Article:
Smith v. Allison et al

Filing 132

FINDINGS and RECOMMENDATIONS to Grant Defendants' Motion to Dismiss 109 , signed by Magistrate Judge Jennifer L. Thurston on 3/18/15: 30-Day Objections Deadline. (Hellings, J)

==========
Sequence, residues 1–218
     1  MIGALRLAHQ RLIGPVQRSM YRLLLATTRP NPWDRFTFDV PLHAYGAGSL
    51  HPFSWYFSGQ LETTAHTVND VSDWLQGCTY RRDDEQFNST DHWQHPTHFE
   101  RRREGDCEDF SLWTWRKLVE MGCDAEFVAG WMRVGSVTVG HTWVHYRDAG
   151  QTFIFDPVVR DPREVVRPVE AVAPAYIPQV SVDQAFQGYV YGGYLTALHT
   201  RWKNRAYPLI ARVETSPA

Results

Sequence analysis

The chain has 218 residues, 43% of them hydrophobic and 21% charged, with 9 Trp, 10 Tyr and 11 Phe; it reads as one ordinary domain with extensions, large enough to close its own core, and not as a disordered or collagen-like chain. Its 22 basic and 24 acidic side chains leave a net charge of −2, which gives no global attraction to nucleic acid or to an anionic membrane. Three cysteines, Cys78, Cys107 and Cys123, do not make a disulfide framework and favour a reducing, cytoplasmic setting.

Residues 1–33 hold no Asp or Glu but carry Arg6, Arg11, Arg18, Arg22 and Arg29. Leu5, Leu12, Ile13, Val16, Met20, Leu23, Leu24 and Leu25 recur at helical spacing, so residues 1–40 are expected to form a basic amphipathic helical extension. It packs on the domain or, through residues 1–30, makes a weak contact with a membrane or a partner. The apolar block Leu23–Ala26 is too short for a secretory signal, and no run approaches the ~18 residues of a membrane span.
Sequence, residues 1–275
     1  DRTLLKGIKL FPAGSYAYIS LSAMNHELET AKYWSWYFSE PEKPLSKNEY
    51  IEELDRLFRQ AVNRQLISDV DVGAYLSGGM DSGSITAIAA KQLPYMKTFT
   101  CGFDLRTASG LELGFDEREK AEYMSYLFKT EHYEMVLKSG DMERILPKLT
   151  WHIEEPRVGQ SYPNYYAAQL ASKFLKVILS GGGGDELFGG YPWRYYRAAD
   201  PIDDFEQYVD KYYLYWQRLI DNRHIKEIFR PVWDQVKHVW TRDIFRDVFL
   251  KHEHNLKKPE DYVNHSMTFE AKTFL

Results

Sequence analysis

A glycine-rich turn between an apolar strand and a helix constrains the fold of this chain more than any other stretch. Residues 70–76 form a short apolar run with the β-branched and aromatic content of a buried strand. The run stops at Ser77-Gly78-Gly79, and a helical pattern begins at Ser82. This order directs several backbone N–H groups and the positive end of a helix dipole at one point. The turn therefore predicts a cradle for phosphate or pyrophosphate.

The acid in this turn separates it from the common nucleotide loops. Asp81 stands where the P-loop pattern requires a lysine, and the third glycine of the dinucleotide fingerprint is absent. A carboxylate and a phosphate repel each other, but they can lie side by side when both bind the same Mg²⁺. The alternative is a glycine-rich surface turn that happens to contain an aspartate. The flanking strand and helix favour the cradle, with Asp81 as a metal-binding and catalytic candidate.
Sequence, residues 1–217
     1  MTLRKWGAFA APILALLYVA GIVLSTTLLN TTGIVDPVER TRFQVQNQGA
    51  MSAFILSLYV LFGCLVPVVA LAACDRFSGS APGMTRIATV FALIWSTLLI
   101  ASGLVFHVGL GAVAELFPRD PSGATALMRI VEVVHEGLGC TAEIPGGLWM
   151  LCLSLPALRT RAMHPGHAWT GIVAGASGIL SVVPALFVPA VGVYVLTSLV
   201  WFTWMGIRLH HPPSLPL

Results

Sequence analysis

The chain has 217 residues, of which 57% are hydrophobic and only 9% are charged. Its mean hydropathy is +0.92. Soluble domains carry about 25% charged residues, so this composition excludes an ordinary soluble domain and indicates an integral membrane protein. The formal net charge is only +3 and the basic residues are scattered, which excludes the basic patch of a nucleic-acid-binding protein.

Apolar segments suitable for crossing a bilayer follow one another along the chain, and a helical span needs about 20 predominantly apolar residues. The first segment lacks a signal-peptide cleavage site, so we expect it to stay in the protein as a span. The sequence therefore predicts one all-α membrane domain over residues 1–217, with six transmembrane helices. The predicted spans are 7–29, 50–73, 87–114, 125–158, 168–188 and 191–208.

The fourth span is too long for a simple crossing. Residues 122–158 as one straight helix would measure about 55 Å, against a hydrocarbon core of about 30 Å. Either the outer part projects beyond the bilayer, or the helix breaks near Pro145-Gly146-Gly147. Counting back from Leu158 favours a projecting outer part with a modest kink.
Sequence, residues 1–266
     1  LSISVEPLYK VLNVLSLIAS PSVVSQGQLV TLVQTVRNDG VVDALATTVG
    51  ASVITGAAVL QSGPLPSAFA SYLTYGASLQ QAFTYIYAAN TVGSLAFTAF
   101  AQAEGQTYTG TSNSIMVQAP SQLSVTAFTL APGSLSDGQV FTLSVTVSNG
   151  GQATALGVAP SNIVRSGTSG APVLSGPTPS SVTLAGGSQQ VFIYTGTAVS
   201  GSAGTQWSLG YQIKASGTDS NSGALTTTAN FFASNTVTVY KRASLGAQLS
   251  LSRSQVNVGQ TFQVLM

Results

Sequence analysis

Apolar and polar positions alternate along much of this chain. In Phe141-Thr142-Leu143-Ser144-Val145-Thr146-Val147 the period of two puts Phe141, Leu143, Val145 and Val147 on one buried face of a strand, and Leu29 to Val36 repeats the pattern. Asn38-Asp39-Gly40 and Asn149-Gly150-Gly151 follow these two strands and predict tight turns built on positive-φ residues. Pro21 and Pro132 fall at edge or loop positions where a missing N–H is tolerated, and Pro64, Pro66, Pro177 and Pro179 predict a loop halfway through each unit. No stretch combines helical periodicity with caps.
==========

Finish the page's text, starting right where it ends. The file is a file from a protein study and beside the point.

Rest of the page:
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1 2 3 4 5 6 7 8 UNITED STATES DISTRICT COURT 9 EASTERN DISTRICT OF CALIFORNIA 10 11 LAWRENCE CHRISTOPHER SMITH, 12 Plaintiff, 13 v. 14 D. GOSS, et al., 15 Defendants. 16 17 Case No.: 1:10-cv-01814-LJO-JLT (PC) FINDINGS AND RECOMMENDATIONS TO GRANT DEFENDANTS' MOTION TO DISMISS (Doc. 109) 30-DAY OBJECTION DEADLINE I. Procedural History 18 Plaintiff Lawrence Christopher Smith is proceeding on the following cognizable claims in the 19 Third Amended Complaint ("3rdAC"): under the First Amendment for retaliation against Defendants 20 Lt. Goss and Officer Langler; under the Eighth Amendment for deliberate indifference to his serious 21 medical condition against Defendant PA Byers; and for his claim of a violation of his right to due 22 process against Lt. Goss. (Docs. 31, 42, 47, 114, 126.) 23 On October 24, 2014, Defendants Byers and Langler filed a motion to dismiss on the grounds 24 that Plaintiff fails to state a cognizable claim against them under the Eighth Amendment and asserting 25 qualified immunity. (Doc. 109.) Plaintiff filed an opposition to which Defendants replied. (Docs. 26 117, 120.) The motion is deemed submitted. L.R. 230(l). 27 28 1 1 II. Motion to Dismiss1 2 A. Standard 3 A motion to dismiss brought pursuant to Rule 12(b)(6) tests the legal sufficiency of a claim and 4 dismissal is proper if there is a lack of a cognizable legal theory or the absence of sufficient facts 5 alleged under a cognizable legal theory. Conservation Force v. Salazar, 646 F.3d 1240, 1241-42 (9th 6 Cir. 2011). "[A] complaint may survive a motion to dismiss only if, taking all well-pleaded factual 7 allegations as true, it contains enough facts to 'state a claim to relief that is plausible on its face.'" 8 Hebbe v. Pliler, 627 F.3d 338, 341-42 (9th Cir. 2010) quoting Ashcroft v. Iqbal, 556 U.S. 662, 129 9 S.Ct. 1937, 1949 (2009) (quoting Bell Atl. Corp. v. Twombly, 550 U.S. 544, 570, 127 S.Ct. 1955 10 (2007)); see also, Conservation Force, 646 F.3d at 1242; Moss v. U.S. Secret Service, 572 F.3d 962, 11 969 (9th Cir. 2009). The pleading of an inmate proceeding pro se "must be held to less stringent standards than 12 13 formal pleadings drafted by lawyers." Hebbe, 627 F.3d at 342, ref. Twombly; Erickson v. Pardus, 551 14 U.S. 89, 94, 127 S.Ct. 2197 (2007) (per curiam). The Court must accept the well-pleaded factual 15 allegations as true and draw all reasonable inferences in favor of the non-moving party. Daniels-Hall 16 v. National Educ. Ass'n, 629 F.3d 992, 998 (9th Cir. 2010); Sanders v. Brown, 504 F.3d 903, 910 (9th 17 Cir. 2007); Huynh v. Chase Manhattan Bank, 465 F.3d 992, 996-97 (9th Cir. 2006); Morales v. City of 18 Los Angeles, 214 F.3d 1151, 1153 (9th Cir. 2000). However, while prisoners proceeding pro se in 19 civil rights actions are entitled to have their pleadings liberally construed and to have any doubt 20 resolved in their favor, Hebbe, 627 F.3d at 342, courts are not required to indulge unwarranted 21 inferences, Doe I v. Wal-Mart Stores, Inc., 572 F.3d 677, 681 (9th Cir. 2009), and need not accept 22 legal conclusions Acast in the form of factual allegations,@ Western Mining Council v. Watt, 643 F.2d 23 618, 624 (9th Cir. 1981). A pro se litigant is entitled to notice of the deficiencies in the complaint and 24 an opportunity to amend, unless the complaint's deficiencies cannot be cured by amendment. Noll v. 25 Carlson, 809 F.2d 1446, 1448 (9th Cir. 1987). 26 27 28 1 In arriving at this findings and recommendations, this Court carefully reviewed and considered all arguments, supporting documents, responses thereto, objections, and other papers filed by the parties regarding Defendants= motion to dismiss. Omission of reference to an argument, document, paper, or objection is not be construed as though it was not considered. 2 1 B. 2 In resolving a 12(b)(6) motion, a court's review is generally limited to the operative pleading. 3 Daniels-Hall, 629 F.3d at 998; Sanders, 504 F.3d at 910; Schneider v. California Dept. of Corr., 151 4 F.3d 1194, 1197 n.1 (9th Cir. 1998). 5 6 Materials Properly Considered by the Court on a 12(b)(6) Motion 1. Judicial Notice AA judicially noticed fact must be one not subject to reasonable dispute in that it is either (1) 7 generally known within the territorial jurisdiction of the trial court or (2) capable of accurate and ready 8 determination by resort to sources whose accuracy cannot reasonably be questioned.@ Fed. R. Evid. 9 201(b). AA court shall take judicial notice if requested by a party and supplied with the necessary 10 information.@ Fed. R. Evid. 201(c)(2). 11 In support of their motion, Defendants' request that judicial notice be taken of various 12 documents that were attached as exhibits to Plaintiff's original Complaint and attach copies of those 13 exhibits to their request. (Doc. 109-2.) 14 While Plaintiff acknowledges that exhibits to a complaint may be judicially noticed, he objects 15 that “defense counsel is trying to improperly discredit the Plaintiff's complaint with the inference of an 16 [sic] perjured complaint.” (Doc. 117, Opp., 3:1-8.) There is nothing about Defendants' request for 17 judicial notice which is improper or untoward. While there are discrepancies between exhibits to 18 Plaintiff's original Complaint and the 3rdAC, the Court does not intend to determine whether they 19 were intentionally or innocently made. 20 Plaintiff also argues that upon drafting the 3rdAC, he was "continuously deprived of his legal 21 documents needed to sufficiently recount the facts as needed to be an accurate portrayal of past events. 22 To have one expected to remember to the exact minute detail actions that occurred over three years 23 past [presumably meaning from the date he filed this action on October 1, 2010 to the date the 3rdAC 24 was filed on August 27, 2013] is absolutely ridiculous." (Id., at 3:9-13.) Though Plaintiff thinks is it 25 "ridiculous" that he be expected to recall details of actions that occurred three years prior to his filing 26 of the 3rdAC, recollection of events three, five, or even ten years in the past is not uncommon, and 27 indeed is required, in protracted litigation such as this. 28 Finally, Plaintiff argues that Defendants' request for judicial notice forms a "sort of legal diary" 3 1 that he never submitted to the Court or defense counsel. (Id., at 3:14-20.) To the contrary, Plaintiff 2 submitted all of the documents that Defendants request to have judicially noticed with his original 3 Complaint in this matter. That the Court declined to cull through all one-hundred seventy-one pages 4 of Plaintiff's original Complaint, they are all part of the record in this action and may be judicially 5 noticed since submitted with and as supporting documents to Plaintiff's original Complaint. 6 The Court may properly consider matters subject to judicial notice and documents 7 incorporated by reference in the pleading without converting a motion to dismiss to one for summary 8 judgment. U.S. v. Ritchie, 342 F.3d 903, 908 (9th Cir. 2003), see also, Durning v. First Boston Corp., 9 815 F.2d 1265, 1267 (9th Cir. 1987) (court may consider facts established by exhibits attached to the 10 complaint), Mullis v. United States Bankruptcy Ct., 828 F.2d 1385, 1388 (9th Cir. 1987) (facts which 11 may be judicially noticed), Mack v. South Bay Beer Distributors, 798 F.2d 1279, 1282 (9th Cir. 1986) 12 (matters of public record, including pleadings, orders, and other papers filed with the court). Under 13 the doctrine of incorporation by reference, a court may consider a document provided by a defendant 14 that was not attached to the pleading if the plaintiff refers to the document extensively or if it forms 15 the basis of the plaintiff's claim. Ritchie, 342 F.3d at 908; Daniels-Hall, 629 F.3d at 998. 16 17 Thus, Defendants' request for judicial notice of the exhibits to Plaintiff's original Complaint that they attached to their motion (Doc. 109-2) is GRANTED. 18 C. Defendants' Motion 19 Defendants argue that Plaintiff fails to state a cognizable claim under the Eighth Amendment 20 against them and assert that they are entitled to qualified immunity on Plaintiff's claims under the 21 Eighth Amendment. 22 23 1. Eighth Amendment Claims The Screening F&R (Doc. 42) stated that the Eighth Amendment “embodies ‘broad and 24 idealistic concepts of dignity, civilized standards, humanity, and decency.’” Estelle v. Gamble, 429 25 U.S. 97, 102 (1976) (quoting Jackson v. Bishop, 404 F.2d 571, 579 (8th Cir. 1976)). The prohibition 26 of cruel and unusual punishment requires that prison officials provide medical care to prisoners. Id., at 27 104-05. To state a claim arising in the context of inadequate medical care, a plaintiff must point to 28 “acts or omissions sufficiently harmful to evidence deliberate indifference to serious medical needs.” 4 1 Id., at 106. Thus, a cognizable claim has two elements: “the seriousness of the prisoner’s medical 2 need and the nature of defendant’s response to that need.” McGuckin v. Smith, 974 F.2d 1050, 1059 3 (9th Cir. 1991), overruled on other grounds by WMX Techs., Inc. v. Miller, 104 F.3d 1133, 1136 (9th 4 Cir. 1997). 5 In screening the complaint, the Court found Plaintiff had set forth adequate facts that he 6 suffered from a serious medical condition in that he claimed that: he suffers from a congenital defect 7 of his feet in which he has no arch in either foot (Doc. 31, at 8); walking without medically prescribed 8 orthotics is very painful (id.); that non-prescription orthotics, such as “Dr. Scholl’s” insoles provide 9 him no relief (id., at 9); and that after his arch supports and orthopedic shoes were confiscated, he 10 developed foot ulcers, callouses, and bunions (id., at 8). With regard to Plaintiff's interactions with 11 Defendant Byers, Plaintiff alleged that: in 2010, Defendant Byers refused to examine his feet and 12 refused to prescribe orthopedic shoes or supports (id., at 8-9); Plaintiff “attempted to reasonably talk to 13 PA Byers concerning the need for orthotics to no avail and [Defendant Byers] again refused to 14 examine the Plaintiff’s feet" and indicated that the state budget did not allow for orthopedic shoes (id, 15 at 9); and that it was not until Plaintiff was transferred to a different facility that he was examined by a 16 podiatrist who prescribed a pair of orthopedic shoes (id.). The Court found that Defendant Byers’ 17 cursory response and apparent twice refusal to examine Plaintiff's feet stated a cognizable Eighth 18 Amendment claim of failure to provide adequate medical care. (Doc. 42.) 19 20 a. Defendant Byers Defendants argue that Plaintiff's claim under the Eighth Amendment for deliberate indifference 21 to his serious medical needs should be dismissed. Defendants argue that (1) Plaintiff did not allege 22 that Defendant Byers acted with deliberate indifference or caused him any further harm (Doc. 109, 23 MTD, 7:10-9:2); and (2) Plaintiff's allegations that Defendant Byers faced budgetary restrictions does 24 not demonstrate deliberate indifference (id., at 9:3-10:2). 25 26 (1) Deliberate Indifference Contrary to Plaintiff’s allegations, Defendants argue that Plaintiff attached exhibits to his 27 original complaint which show: Defendant Byers was assigned to evaluate Plaintiff's inmate appeal at 28 the first formal level of review to determine whether Plaintiff should be referred to a specialist for new 5 1 orthotics (Doc. 109, MTD, 8:1-4, citing Doc. 109-2, Req. J.N. (Ex. A at 137) p. 13); Defendant Byers 2 evaluated whether Plaintiff should be referred to a specialist for new orthotics through the prison 3 grievance system and determined that Plaintiff's orthotics had been placed in evidence for an 4 altercation and had not been discarded by custody staff, as Plaintiff claimed in his initial description of 5 the problem (id., citing Doc. 109-2, Req. Jud. Not. (Ex. A at 130, 134, 137) pp. 6, 10, 13); Defendant 6 Byers found that off-the-shelf orthotics were not a workable interim solution for Plaintiff's foot 7 condition, because they had to be custom-made (id. at 137); and shoe insoles were dispensed to 8 Plaintiff on June 1, 2010 (id.). These exhibits also show that Plaintiff's orthopedic inserts/arch 9 supports were returned to him on August 4, 2010. (Doc. 109-2, p. 18.) 10 In his opposition, Plaintiff acknowledges that Defendant Byers' only interaction with him 11 pertained to his inmate appeal for his orthotics and that Defendant Byers is a Physician's Assistant, not 12 a medical doctor, a podiatrist, or even a registered nurse. (Doc. 117, Opp., pp. 6-9.) Despite this, 13 Plaintiff argues that Defendant Byers should have examined his feet during the interview. (Id.) 14 Plaintiff also states that five days before the interview, Defendant Byers's immediate supervisor had 15 ordered for Plaintiff to be seen by a medical doctor and that Defendant Byers acknowledged as much 16 in his report. (Id., at 6:23-7:5.) 17 Both sides point to Defendant Byers' findings from his interview of Plaintiff and agree that 18 Defendant Byers noted that Plaintiff had not been evaluated for orthotics since September of 2008; 19 that he had been referred to a medical doctor for evaluation and possible orthotics; that insoles were 20 given to him as there was no interim accommodation for his orthotics since they were custom made 21 and were merely placed in evidence -- not discarded. (Doc. 117, Opp., p. 25; Doc. 109-2, Req. JN, p. 22 13; Doc. 1, Orig. Comp., p. 137.) Both sides agree that insoles were approved by S. Oder, RN. (Id.) 23 It is also apparent from this document that Defendant Byers merely conducted the interview, as 24 required by Section 3084.7(e) of Title 15 of the California Administrative Code, and documented his 25 findings, but that S. Oder, RN actually made the decision and was responsible for the disposition of 26 Plaintiff's inmate appeal at that level. (Id.) Both sides also agree that the only interaction Plaintiff had 27 with Defendant Byers was during the interview for the first level of his inmate appeal in which 28 Plaintiff sought to obtain orthotics. (Doc. 109, MTD, 8:2-11; Doc. 117, Opp., pp. 6-9.) 6 1 Plaintiff's claim against Defendant Byers was found cognizable based on Plaintiff's allegations 2 that Defendant Byers refused, seemingly twice, to examine Plaintiff on allegations which did not 3 appear limited to an interview of an inmate appeal. (Doc. 42, Screen F&R, 14:7-15.) This Court, with 4 its burgeoning caseload, did not have the luxury of ferreting through the voluminous exhibits that 5 Plaintiff submitted with his prior pleadings for clarification when the 3rdAC was screened. 6 It has now been brought to light that the contact with Defendant Byers of which Plaintiff 7 complains, occurred solely during an interview at the first level on Plaintiff's inmate appeal attempting 8 to obtain orthotics for his podiatric condition. Given this clarification, Plaintiff's claim against 9 Defendant Byers for violation of his rights, for actions during an interview on an inmate 10 appeal/grievance under the Eighth Amendment is not cognizable. This Court has found that other 11 appellate circuits have effectively held that non-physician defendants cannot Abe considered 12 deliberately indifferent simply because they failed to respond directly to the medical complaints of a 13 prisoner who was already being treated by the prison doctor@ and if Aa prisoner is under the care of 14 medical experts . . . a non-medical prison official will generally be justified in believing that the 15 prisoner is in capable hands.@ Spruill v. Gillis, 372 F.3d 218, 236 (3rd Cir. 2004); see also Greeno v. 16 Daley, 414 F.3d 645, 656 (7th Cir. 2005) (holding that A[o]nce a [non-medical] prison grievance 17 examiner becomes aware of potential mistreatment, the Eight Amendment does not require him or her 18 to do more than >review [the prisoner=s] complaints and verif[y] with the medical officials that [the 19 prisoner] was receiving treatment.@ This Court concurs with the analysis in Greeno and Spruill. 20 Defendant Byers's duties and abilities to address Plaintiff's need for his orthotics were limited 21 in as much as: (1) Defendant Byers is merely a physician's assistant and is not a medical doctor, or 22 even a registered nurse; (2) Defendant Byers only had contact with Plaintiff during an interview about 23 his inmate appeal regarding his orthotics; (3) as part of his findings from that interview, Defendant 24 Byers verified that an appointment for Plaintiff with a medical doctor had already been ordered by 25 qualified medical personnel, an RN; (4) Defendant Byers also discovered that Plaintiff's custom 26 orthotics had not been discarded, but were being held in evidence; (5) Defendant Byers verified that 27 Plaintiff was to receive shoe insoles until his orthotics were released; and (6) Defendant Byers was 28 merely performing the duty of interviewing Plaintiff regarding his inmate appeal while the actual 7 1 decision/disposition was made by a registered nurse. (See Doc. 117, Opp., p. 25; Doc. 109-2, Req. JN, 2 p. 13; Doc. 1, Orig. Comp., p. 137.) While Defendant Byers saw Plaintiff in the context of Plaintiff's 3 inmate appeal for medical appliances, Defendant Byers was not a decision-maker as to the appeal -- all 4 decisions were made by persons with medical degrees. Thus, the analysis in Greeno and Spruill 5 reasonably extends to this situation to exonerate Defendant Byers from Plaintiff's claim of deliberate 6 indifference stemming merely from his interview of Plaintiff regarding his inmate appeal. 7 Further, a claim under the Eighth Amendment against individual defendants must be addressed 8 via Aa very individualized approach which accounts for the duties, discretion, and means of each 9 defendant.@ Leer v. Murphy, 844 F.2d 628, 633-34 (9th Cir. 1988) citing with approval Williams v. 10 Bennett, 689 F.2d 1370, 1384 (11th Cir. 1982) (AThere can be no duty, the breach of which is 11 actionable, to do that which is beyond the power, authority, or means of the charged party. One may 12 be callously indifferent to the fate of prisoners and yet not be liable for their injuries. Those whose 13 callous indifference results in liability are those under a duty -- possessed of authority and means -- to 14 prevent the injury.@) Since Defendant Byers was only a physician's assistant conducting the interview 15 of Plaintiff on his inmate appeal, the authority and/or means to ameliorate Plaintiff's podiatric 16 condition were beyond the scope of his duties and there is no deliberate indifference given that 17 Defendant Byers investigated Plaintiff's complaints and referred them to the medical provider(s) who 18 could be expected to address Plaintiff's concerns. 19 If the level of Defendant Byers' involvement in merely conducting the interview with Plaintiff 20 on his inmate appeal had been apparent at the time the 3rdAC was screened, Plaintiff's deliberate 21 indifference claim against Defendant Byers would not have been found cognizable. Thus, Plaintiff's 22 claim against Defendant Byers for deliberate indifference to Plaintiff's serious medical needs in 23 violation of the Eighth Amendment should be dismissed. 24 (1) Budgetary Restraints 25 Defendants argue that Plaintiff's allegations regarding budgetary restrictions demonstrate that 26 no violation occurred. (See Doc. 109, MTD, 9:3-10:2.) Plaintiff argues that those allegations show 27 that Defendant Byers used budgetary restrictions as a pretext to excuse illegal behavior. (See Doc. 28 117, Opp., 10:7-11:6.) While Plaintiff's allegations regarding the state budget was cursorily alluded to 8 1 in the Screening F&R (Doc. 42, Screen F&R, 14:11-12), it was neither required, nor considered as 2 Plaintiff's claim against Defendant Byers was found cognizable based on the inference that Defendant 3 Byers twice refused to examine Plaintiff in a medical setting. 4 In any event, an individual defendant is not liable beyond their Aduties, discretion and 5 [available] means," Leer v. Murphy, 844 F.2d 628, 633-34 (9th Cir. 1988) and availability of 6 resources define the spectrum of choices an official has at his or her disposal, Peralta v. Dillard, 744 7 F.3d 1076, 1083 (9th Cir. 2013) (overruling Jones v. Johnson, 781 F.2d 769 (9th Cir. 1986) and Snow 8 v. McDaniel, 681 F.3d 978 (9th Cir. 2012) to the extent they held differently). A defendant cannot be 9 held to be deliberately indifferent for failing to prescribe that which is unavailable due to budgetary 10 restraints. It is true that Plaintiff has alleged that Defendant Byers mentioned budgetary constraints on 11 the orthotics Plaintiff desired, (see, Doc. 31, 3rdAC, p. 9 alleging that Defendant Byers “stated that the 12 state’s budget was not allowing for many prisoners to receive orthopedic shoes anymore” and Doc. 13 109-2, Req. J.N.. at p. 21, Doc. 24, 2ndAC, at p. 9 alleging that Defendant Byers explained that the 14 state’s budget no longer allowed medical staff to “indiscriminately” issue orthopedic shoes to 15 inmates). However, this Court never considered it even remotely possible that Defendant Byers, a PA, 16 would have any input as to budgetary decisions as to what medical devices would or would not be 17 provided to inmates and this was not a basis upon which Plaintiff's allegations against Defendant 18 Byers under the Eighth Amendment were found cognizable. Any such allegations do not resuscitate 19 Plaintiff's claim against Defendant Byers in light of the lack of deliberate indifference discussed 20 above. 21 22 b. Defendant Langler Defendants seek clarification whether Plaintiff was found to have stated a cognizable claim 23 against Defendant Langler in the 3rdAC. (Doc. 109, 3:16-18, 6:22-7:8.) If the response is in the 24 affirmative, they seek dismissal since Plaintiff did not state any factual allegations regarding his 25 medical condition against Defendant Langler in the 3rdAC. 26 This inquiry was understandably generated by a clerical error contained in the Findings and 27 Recommendation that screened ("Screening F&R") the 3rdAC and provided the basis upon which this 28 action is proceeding, which was adopted by the District Judge. (See Docs. 42, 47.) The introductory 9 1 "Background" section of the Screening F&R, errantly stated that Plaintiff had stated a cognizable 2 claim under the Eighth Amendment against "Defendants PA Byers and Officer Langler." (Doc. 42, 3 2:1-6.) This is the only such errant reference in the Screening F&R. The Screening F&R did not 4 discuss any allegations under the Eighth Amendment against Defendant Langler as the 3rdAC 5 contained none; the final "Findings and Recommendations" section of the Screening F&R itemized the 6 cognizable claims found in the 3rd AC and did not state that any had been found under the Eighth 7 Amendment against Defendant Langler (Doc. 42, 17:3-11); and the Order Adopting the Screening 8 F&R accurately reflected the claims found to be cognizable (Doc. 47, 1:28-2:6) -- which did not 9 include a claim under the Eighth Amendment against Defendant Langler. Further, Plaintiff admits that 10 he did not allege a violation of his rights under the Eighth Amendment against Defendant Langler. 11 (Doc. 117, Opp., 5:5-14.) Thus, there is no claim in this action against Defendant Langler for violation of Plaintiff's 12 13 rights under the Eighth Amendment to be dismissed. c. Qualified Immunity 14 While Defendants argued that both Defendants Byers and Langler are entitled to qualified 15 16 immunity, since it has been clarified that there is no claim under the Eight Amendment against 17 Defendant Langler and the claim against Defendant Byers is being dismissed, their argument for 18 qualified immunity need not be considered. 19 D. 20 Although leave to amend should be freely granted, a district court may dismiss for failure to 21 state a claim without leave to amend where amendment would fail to cure the pleading deficiencies 22 and amendment would be futile. Cervantes v. Countrywide Home Loans, Inc., 656 F.3d 1034 (9th Cir. 23 2011). 24 Leave to Amend In this action, leave to amend would be futile because Plaintiff cannot change the level of 25 Defendant Byers' involvement regarding his podiatric condition by amendment, nor can he change the 26 exhibits to his original Complaint which clarify Defendant Byers' limited involvement regarding 27 Plaintiff's orthotic inserts. Thus, Plaintiff's claim against Defendant Byers for deliberate indifference 28 to Plaintiff's serious medical needs in violation of the Eighth Amendment should be dismissed without 10 1 leave to amend. 2 III. Recommendations 3 4 Based on the foregoing, the Court HEREBY RECOMMENDS that the motion to dismiss filed by Defendants Byers and Langler, filed on October 24, 2014 (Doc. 109), be GRANTED as follows: 1. 5 Defendants’ motion to dismiss Plaintiff’s deliberate indifference claim against 6 Defendant Byers be GRANTED without leave to amend and Defendant Byers 7 be dismissed from this action; and 2. 8 the Screening F&R (Doc. 42) is clarified to the extent that no claim for 9 deliberate indifference was found cognizable against Defendant Langler such 10 that Defendants’ motion to dismiss any deliberate indifference claim against 11 Defendant Langler should be DISREGARDED as moot. 12 These Findings and Recommendations will be submitted to the United States District Judge 13 assigned to the case, pursuant to the provisions of Title 28 U.S.C. § 636(b)(l). Within 30 days after 14 being served with these Findings and Recommendations, the parties may file written objections with 15 the Court. The document should be captioned “Objections to Magistrate Judge’s Findings and 16 Recommendations.” The parties are advised that failure to file objections within the specified time 17 may result in the waiver of rights on appeal. Wilkerson v. Wheeler, __ F.3d __, __, No. 11-17911, 18 2014 WL 6435497, at *3 (9th Cir. Nov. 18, 2014) (citing Baxter v. Sullivan, 923 F.2d 1391, 1394 (9th 19 Cir. 1991)). 20 21 22 23 IT IS SO ORDERED. Dated: March 18, 2015 /s/ Jennifer L. Thurston UNITED STATES MAGISTRATE JUDGE 24 25 26 27 28 11